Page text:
A rat albumin cDNA probe (pBR alb 149) was developed in order to investigate the molecular mechanisms responsible for changes in hepatic protein synthesis after chronic administration of ethanol to rats. Rats fed a diet for up to 1 year in which 36% of calories were from ethanol, developed fatty livers but not cirrhosis. Cell-free protein synthesis with liver membrane-bound polysomes of ethanol-fed rats was increased as compared to control membrane-bound polysomes, whereas protein synthesis with free polysomes was unchanged. Total RNA extracted from liver membrane-bound polysomes and translated in a rabbit reticulocyte mRNA-dependent system showed a marked increase in albumin synthesis in the ethanol-fed group. Analysis of RNA molecules separated according to molecular weight by gel electrophoresis and hybridized with recombinant-cloned albumin cDNA demonstrated an increase in full-sized albumin mRNA species in ethanol-fed animals. Therefore, chronic ethanol administration appears to increase albumin synthesis by increasing the steady-state level of biologically active albumin RNA in liver membrane-bound polysomes. Despite development of fatty liver, the protein synthesis machinery functions normally.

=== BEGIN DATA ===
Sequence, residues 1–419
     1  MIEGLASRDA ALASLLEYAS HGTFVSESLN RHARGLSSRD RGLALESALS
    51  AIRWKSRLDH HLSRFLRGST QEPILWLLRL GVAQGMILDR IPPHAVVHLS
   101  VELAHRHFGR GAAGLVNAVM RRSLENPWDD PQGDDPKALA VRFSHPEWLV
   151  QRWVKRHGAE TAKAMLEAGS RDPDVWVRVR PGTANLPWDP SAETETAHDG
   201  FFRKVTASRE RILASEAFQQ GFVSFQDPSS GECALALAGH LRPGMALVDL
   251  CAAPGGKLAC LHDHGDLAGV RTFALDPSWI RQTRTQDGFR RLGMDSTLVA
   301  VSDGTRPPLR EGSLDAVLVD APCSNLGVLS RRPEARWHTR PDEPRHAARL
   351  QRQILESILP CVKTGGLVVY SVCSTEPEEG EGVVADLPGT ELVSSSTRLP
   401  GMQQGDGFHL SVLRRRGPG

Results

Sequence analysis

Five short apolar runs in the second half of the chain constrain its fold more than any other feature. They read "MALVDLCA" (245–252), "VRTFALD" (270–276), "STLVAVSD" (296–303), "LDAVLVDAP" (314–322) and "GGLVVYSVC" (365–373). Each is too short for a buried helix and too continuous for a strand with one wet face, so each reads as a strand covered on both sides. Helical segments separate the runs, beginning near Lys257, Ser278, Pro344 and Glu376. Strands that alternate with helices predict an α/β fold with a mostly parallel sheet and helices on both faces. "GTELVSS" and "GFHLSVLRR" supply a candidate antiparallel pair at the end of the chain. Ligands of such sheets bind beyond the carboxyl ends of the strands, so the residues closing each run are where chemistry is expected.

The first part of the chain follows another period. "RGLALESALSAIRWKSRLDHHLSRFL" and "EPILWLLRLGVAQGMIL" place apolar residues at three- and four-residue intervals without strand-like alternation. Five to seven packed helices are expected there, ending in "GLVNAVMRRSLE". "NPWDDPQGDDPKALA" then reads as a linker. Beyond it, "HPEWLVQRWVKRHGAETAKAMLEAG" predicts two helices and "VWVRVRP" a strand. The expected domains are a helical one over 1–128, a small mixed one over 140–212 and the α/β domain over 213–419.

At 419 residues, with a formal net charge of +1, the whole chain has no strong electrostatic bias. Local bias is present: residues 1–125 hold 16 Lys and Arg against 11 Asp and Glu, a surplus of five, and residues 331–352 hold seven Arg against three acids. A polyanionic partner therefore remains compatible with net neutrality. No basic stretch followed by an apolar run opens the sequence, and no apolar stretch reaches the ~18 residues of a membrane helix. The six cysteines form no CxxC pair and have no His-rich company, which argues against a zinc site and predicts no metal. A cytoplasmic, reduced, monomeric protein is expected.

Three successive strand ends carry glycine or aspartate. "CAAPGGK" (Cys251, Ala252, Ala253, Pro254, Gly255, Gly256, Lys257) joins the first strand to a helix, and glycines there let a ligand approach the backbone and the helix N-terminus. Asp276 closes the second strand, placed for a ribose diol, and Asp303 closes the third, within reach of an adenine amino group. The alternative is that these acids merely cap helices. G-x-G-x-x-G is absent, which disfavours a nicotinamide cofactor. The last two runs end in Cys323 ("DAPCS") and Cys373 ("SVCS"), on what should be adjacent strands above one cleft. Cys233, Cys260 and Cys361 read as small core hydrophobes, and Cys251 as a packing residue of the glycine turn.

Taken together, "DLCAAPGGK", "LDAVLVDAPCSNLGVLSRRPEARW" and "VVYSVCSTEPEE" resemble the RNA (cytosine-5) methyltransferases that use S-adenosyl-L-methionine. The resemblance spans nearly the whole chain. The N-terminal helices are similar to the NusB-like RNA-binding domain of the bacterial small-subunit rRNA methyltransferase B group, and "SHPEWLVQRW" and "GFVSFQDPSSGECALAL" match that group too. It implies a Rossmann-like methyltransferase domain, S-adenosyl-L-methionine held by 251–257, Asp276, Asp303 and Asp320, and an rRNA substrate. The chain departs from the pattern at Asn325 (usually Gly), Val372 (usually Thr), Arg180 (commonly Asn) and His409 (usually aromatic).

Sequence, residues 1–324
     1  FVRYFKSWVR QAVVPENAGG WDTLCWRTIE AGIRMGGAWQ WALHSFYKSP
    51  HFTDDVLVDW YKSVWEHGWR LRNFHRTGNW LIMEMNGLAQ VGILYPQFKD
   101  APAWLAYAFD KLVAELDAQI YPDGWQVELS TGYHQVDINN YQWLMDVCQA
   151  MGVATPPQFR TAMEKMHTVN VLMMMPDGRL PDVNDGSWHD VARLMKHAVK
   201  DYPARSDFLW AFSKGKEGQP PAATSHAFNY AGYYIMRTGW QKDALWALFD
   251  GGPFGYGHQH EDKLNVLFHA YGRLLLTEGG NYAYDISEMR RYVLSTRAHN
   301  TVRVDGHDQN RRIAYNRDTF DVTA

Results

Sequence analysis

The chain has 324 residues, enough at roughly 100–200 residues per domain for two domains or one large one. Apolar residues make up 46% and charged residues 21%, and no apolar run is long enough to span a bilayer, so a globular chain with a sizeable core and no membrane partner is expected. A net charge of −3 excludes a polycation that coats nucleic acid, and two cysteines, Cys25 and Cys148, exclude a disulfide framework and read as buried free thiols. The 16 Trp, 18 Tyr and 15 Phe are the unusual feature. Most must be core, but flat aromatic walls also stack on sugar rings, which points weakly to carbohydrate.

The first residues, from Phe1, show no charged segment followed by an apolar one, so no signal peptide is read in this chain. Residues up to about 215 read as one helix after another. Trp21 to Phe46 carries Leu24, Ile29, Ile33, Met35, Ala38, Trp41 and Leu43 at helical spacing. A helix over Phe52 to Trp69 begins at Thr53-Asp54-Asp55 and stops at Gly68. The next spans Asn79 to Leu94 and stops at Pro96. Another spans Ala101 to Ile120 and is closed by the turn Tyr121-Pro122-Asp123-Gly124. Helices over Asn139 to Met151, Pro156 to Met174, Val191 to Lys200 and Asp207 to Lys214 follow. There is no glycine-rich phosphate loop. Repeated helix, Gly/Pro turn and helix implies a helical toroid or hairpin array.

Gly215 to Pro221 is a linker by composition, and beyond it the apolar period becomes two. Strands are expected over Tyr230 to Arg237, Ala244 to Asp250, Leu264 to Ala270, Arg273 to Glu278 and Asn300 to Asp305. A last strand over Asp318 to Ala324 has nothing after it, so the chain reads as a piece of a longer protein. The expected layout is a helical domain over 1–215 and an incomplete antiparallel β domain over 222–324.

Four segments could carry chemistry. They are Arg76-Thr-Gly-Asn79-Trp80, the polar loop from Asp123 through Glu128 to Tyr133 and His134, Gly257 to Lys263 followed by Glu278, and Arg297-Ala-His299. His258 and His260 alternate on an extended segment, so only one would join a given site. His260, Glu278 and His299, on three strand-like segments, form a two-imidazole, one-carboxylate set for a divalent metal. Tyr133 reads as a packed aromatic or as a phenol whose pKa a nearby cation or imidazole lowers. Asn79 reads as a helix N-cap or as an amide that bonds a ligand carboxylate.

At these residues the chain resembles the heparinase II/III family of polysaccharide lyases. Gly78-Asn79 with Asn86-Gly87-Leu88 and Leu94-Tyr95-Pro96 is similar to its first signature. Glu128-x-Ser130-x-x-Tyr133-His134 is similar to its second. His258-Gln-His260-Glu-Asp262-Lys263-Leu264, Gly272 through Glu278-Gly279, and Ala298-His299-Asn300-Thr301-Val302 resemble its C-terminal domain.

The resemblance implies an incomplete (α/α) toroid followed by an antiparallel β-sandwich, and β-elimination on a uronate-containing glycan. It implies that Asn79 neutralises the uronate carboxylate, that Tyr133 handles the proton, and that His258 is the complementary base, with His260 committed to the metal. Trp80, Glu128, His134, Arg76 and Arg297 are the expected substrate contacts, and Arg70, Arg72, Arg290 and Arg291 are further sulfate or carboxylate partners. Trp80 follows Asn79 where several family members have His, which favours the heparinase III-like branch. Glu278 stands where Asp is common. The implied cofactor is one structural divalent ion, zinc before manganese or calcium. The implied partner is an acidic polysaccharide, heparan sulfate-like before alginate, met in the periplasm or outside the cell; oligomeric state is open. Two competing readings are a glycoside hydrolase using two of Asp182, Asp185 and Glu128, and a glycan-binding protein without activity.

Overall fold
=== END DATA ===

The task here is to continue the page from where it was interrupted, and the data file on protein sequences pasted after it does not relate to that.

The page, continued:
|Original language||English (US)|
|Number of pages||6|
|State||Published - 1983|
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